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Libyan Court Sentences Gadhafi Son to Death

A girl watches as Saen Dao, an eight-year-old female asian elephant, and her mahout perform underwater during a show at the Khao Kheow Open Zoo in Chonburi south of Bangkok.

A court in Libya issued a death sentence Tuesday to Seif al-Islam, a son of Moammar Gadhafi, in connection with the deadly response to the 2011 uprising that pushed Gadhafi from power.

The Tripoli court also sentenced eight others to death, including former spy chief Abdullah al-Senoussi and former prime minister Baghdadi al-Mahmoudi.

Seif al-Islam was not in court Tuesday to hear the sentence. His verdict came in absentia because he is being held by a militia in the town of Zintan that backs the internationally recognized government in Tobruk and not the rival Islamist-backed government operating in Tripoli.

U.S.-based Human Rights Watch said the trial was "undermined by serious due process violations" and called for an independent review by the supreme court.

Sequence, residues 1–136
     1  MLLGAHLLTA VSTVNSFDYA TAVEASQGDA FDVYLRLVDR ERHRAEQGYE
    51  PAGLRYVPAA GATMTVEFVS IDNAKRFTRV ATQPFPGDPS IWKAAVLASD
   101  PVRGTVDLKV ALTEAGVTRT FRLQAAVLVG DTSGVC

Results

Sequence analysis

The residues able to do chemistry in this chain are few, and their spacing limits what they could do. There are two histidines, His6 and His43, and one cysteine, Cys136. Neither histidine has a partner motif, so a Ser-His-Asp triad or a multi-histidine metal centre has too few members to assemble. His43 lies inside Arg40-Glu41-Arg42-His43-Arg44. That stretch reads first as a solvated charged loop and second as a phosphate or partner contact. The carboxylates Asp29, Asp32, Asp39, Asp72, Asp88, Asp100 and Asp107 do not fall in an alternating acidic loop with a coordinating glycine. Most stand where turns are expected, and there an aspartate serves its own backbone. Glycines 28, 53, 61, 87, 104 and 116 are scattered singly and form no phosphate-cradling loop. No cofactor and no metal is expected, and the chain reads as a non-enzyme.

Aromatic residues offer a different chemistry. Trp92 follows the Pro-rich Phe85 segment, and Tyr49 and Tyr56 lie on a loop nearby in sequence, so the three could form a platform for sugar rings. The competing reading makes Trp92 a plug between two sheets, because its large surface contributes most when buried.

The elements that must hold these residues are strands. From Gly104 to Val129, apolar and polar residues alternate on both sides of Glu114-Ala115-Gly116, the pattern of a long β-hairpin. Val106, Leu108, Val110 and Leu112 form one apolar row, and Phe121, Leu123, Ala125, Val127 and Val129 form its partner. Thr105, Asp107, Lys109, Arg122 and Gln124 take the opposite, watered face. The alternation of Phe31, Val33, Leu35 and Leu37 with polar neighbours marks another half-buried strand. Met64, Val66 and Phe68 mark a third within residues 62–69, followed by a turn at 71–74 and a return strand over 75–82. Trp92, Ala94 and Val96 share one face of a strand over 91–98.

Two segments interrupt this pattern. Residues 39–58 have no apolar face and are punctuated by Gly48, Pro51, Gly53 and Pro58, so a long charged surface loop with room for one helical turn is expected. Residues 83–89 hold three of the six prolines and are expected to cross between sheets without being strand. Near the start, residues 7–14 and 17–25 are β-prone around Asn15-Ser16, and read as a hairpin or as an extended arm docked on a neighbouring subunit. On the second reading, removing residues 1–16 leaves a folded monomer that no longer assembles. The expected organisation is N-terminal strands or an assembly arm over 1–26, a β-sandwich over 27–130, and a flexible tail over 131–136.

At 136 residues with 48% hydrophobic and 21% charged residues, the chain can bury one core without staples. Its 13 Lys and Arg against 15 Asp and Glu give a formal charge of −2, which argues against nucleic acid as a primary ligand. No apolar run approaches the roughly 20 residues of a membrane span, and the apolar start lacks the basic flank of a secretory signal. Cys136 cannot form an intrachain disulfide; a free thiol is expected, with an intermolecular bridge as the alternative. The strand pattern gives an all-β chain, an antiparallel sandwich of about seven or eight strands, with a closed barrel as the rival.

Also wanted by ICC

Seif al-Islam is also wanted by the International Criminal Court on two counts of crimes against humanity. The ICC says he was the most influential person in a Gadhafi government that tried by any means, including use of deadly force, to put down popular protests.

The uprising in Libya began in February 2011 in Benghazi with riots inspired by other so-called Arab Spring revolts in Tunisia and Egypt. In March of that year, NATO launched what would be a seven-month campaign of airstrikes under a U.N. mandate to protect civilians from Libyan forces.

Gadhafi died in October as forces from the National Transitional Council overran his hometown of Sirte. Seif al-Islam was captured a month later.